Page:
Here’s how senators are aiming to change the voter count law: NPR


Proposed changes to the voter count law would clarify the role of the vice president in counting state electoral votes. Here, then-Vice President Mike Pence is seen in the House chamber early on January 7, 2021, to complete Electoral College work after a crowd loyal to President Donald Trump stormed Capitol.

J. Scott Applewhite/AP


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J. Scott Applewhite/AP

Here's how senators are aiming to change the voter count law: NPR

Proposed changes to the voter count law would clarify the role of the vice president in counting state electoral votes. Here, then-Vice President Mike Pence is seen in the House chamber early on January 7, 2021, to complete Electoral College work after a crowd loyal to President Donald Trump stormed Capitol.

J. Scott Applewhite/AP

After months of negotiations, a bipartisan group of senators on Wednesday announced two proposals related to election administration, including one to reform the Voter Count Act, a widely criticized 1887 law that governs the process of voting and tallying voters. votes of the electoral college and which was the subject of a new ballot following attempts to invalidate the results of the presidential election of January 6, 2021.

The plans were announced a day before the last scheduled prime-time hearing of the House Select Committee on its investigation into the Capitol insurrection.

“From the beginning, our bipartisan group shared a vision for drafting legislation to correct the flaws of the archaic and ambiguous Voter Count Act of 1887,” the U.S. senators said in a joint statement.

The senses. Joe Manchin, DW.Va., and Susan Collins, R-Maine, led the law reform effort, which would need 60 votes to smash a filibuster and pass the Senate. The proposal unveiled Wednesday to reform the law on the electoral count has 16 co-sponsors, including nine Republicans. Senate GOP Leader Mitch McConnell of Kentucky signaled he was ready to update the old law.

The law itself was created after a chaotic election in 1876 that saw Democrat Samuel Tilden win the popular vote but lose the presidency due to disputed election results, as three Southern states sent competing returns. A decade later, Congress enacted the Electoral Count Act to avert a repeat fiasco by establishing a clearer process for electoral college certification.

But as NPR’s Miles Parks reported, some legal experts say the law’s drafters did an “appalling job.”

Members of both major parties opened the door to the ECA update nearly a year after the 2021 attack on the US Capitol, which followed then-President Donald Trump’s pressure campaign. Trump, against his own vice president for abandoning his ceremonial role in tallying the results and helping overturn the election.

Proponents of ECA reform argue that the law is not clear enough about the roles the vice president and Congress play in certifying election results, and that this weakness has been exploited by Trump and his colleagues. allies to try to keep him in power.

How would the law change?

As the law now exists, only one member of the House and one member of the Senate are needed to challenge all voters in any state. (These are the lawmakers who opposed the Electoral College count in 2021.)

The updated wording would increase that threshold, moving the requirement to 20% of each chamber’s members.

The proposal would also enact a few measures “to ensure that Congress can identify a single, conclusive list of voters from each state,” according to a backgrounder. Provisions include:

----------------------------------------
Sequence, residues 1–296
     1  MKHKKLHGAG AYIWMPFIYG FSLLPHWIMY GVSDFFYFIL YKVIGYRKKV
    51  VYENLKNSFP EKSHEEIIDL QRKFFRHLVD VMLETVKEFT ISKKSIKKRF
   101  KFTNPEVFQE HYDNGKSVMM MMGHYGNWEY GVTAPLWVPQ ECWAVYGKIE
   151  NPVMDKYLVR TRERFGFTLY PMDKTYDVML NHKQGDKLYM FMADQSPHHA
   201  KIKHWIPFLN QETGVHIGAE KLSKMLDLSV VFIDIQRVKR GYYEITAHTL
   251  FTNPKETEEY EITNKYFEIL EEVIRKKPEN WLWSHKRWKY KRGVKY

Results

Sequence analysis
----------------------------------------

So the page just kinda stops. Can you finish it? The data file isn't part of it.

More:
• identifying “the governor of each state, unless otherwise specified in the laws or constitution of a state in effect on Election Day, as responsible for presenting the attestation certificate identifying the voters of that state;”
  • and requiring that “Congress defer to voter lists submitted by a state executive pursuant to judgments of state or federal courts.”

And the measure “would nullify a provision of an archaic 1845 statute that could be used by state legislatures to nullify the popular vote in their states by declaring a ‘failed election’ – a term that is not defined in the statute. “.

The bill would also reaffirm that the “constitutional role of the vice president, as chairman of the joint meeting of Congress, is ministerial only.”

Some of the reforms stemmed in part from proposals issued after the Democratic-led House Administration Committee shared a report in January, completed after months of review by legal experts.

The voter count law reform measure also includes a section to provide guidelines on when a new administration can receive federal resources for its transition to office.

In the shadow of the January 6 hearings

The Voter Count Act came up repeatedly during hearings by the House Select Committee investigating the Jan. 6 attack on the Capitol.

During one of the panel’s hearings, Greg Jacob, who served as lead counsel for Vice President Mike Pence, said that if Pence had complied with Trump’s demands to block or delay the counting of electoral votes the January 6, he allegedly violated various provisions of the Electoral Count Act.

CEA reform associated with an electoral security proposal

The second measure released Wednesday would increase criminal penalties for individuals who threaten or intimidate election officials, poll watchers, voters or candidates; or who steal or alter electoral records or tamper with voting systems.

It would also seek to improve the handling of election mail by the US Postal Service and reauthorize the Election Assistance Commission, an independent agency, for five years.

The proposal comes as election officials across the country have faced pressure and threats following Trump’s lies about stealing the 2020 election.


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